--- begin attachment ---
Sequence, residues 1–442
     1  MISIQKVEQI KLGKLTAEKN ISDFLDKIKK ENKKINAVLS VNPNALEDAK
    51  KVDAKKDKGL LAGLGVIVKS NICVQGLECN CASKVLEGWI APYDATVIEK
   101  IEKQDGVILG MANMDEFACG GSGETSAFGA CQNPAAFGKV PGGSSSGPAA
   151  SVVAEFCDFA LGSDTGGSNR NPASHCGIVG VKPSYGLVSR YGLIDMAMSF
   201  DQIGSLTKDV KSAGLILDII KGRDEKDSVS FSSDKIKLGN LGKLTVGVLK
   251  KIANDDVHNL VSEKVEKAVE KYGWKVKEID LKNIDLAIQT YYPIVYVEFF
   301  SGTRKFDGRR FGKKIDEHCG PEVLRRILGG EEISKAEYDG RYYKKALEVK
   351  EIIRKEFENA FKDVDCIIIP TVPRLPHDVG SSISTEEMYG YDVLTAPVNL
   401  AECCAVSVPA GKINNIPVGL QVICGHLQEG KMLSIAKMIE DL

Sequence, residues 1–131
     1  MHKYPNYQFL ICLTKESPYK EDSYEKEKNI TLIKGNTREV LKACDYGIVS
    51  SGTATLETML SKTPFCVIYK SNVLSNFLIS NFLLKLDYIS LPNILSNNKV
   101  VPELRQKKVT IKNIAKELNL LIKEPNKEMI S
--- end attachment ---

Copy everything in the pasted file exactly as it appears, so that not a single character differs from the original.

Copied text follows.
Sequence, residues 1–442
     1  MISIQKVEQI KLGKLTAEKN ISDFLDKIKK ENKKINAVLS VNPNALEDAK
    51  KVDAKKDKGL LAGLGVIVKS NICVQGLECN CASKVLEGWI APYDATVIEK
   101  IEKQDGVILG MANMDEFACG GSGETSAFGA CQNPAAFGKV PGGSSSGPAA
   151  SVVAEFCDFA LGSDTGGSNR NPASHCGIVG VKPSYGLVSR YGLIDMAMSF
   201  DQIGSLTKDV KSAGLILDII KGRDEKDSVS FSSDKIKLGN LGKLTVGVLK
   251  KIANDDVHNL VSEKVEKAVE KYGWKVKEID LKNIDLAIQT YYPIVYVEFF
   301  SGTRKFDGRR FGKKIDEHCG PEVLRRILGG EEISKAEYDG RYYKKALEVK
   351  EIIRKEFENA FKDVDCIIIP TVPRLPHDVG SSISTEEMYG YDVLTAPVNL
   401  AECCAVSVPA GKINNIPVGL QVICGHLQEG KMLSIAKMIE DL

Sequence, residues 1–131
     1  MHKYPNYQFL ICLTKESPYK EDSYEKEKNI TLIKGNTREV LKACDYGIVS
    51  SGTATLETML SKTPFCVIYK SNVLSNFLIS NFLLKLDYIS LPNILSNNKV
   101  VPELRQKKVT IKNIAKELNL LIKEPNKEMI S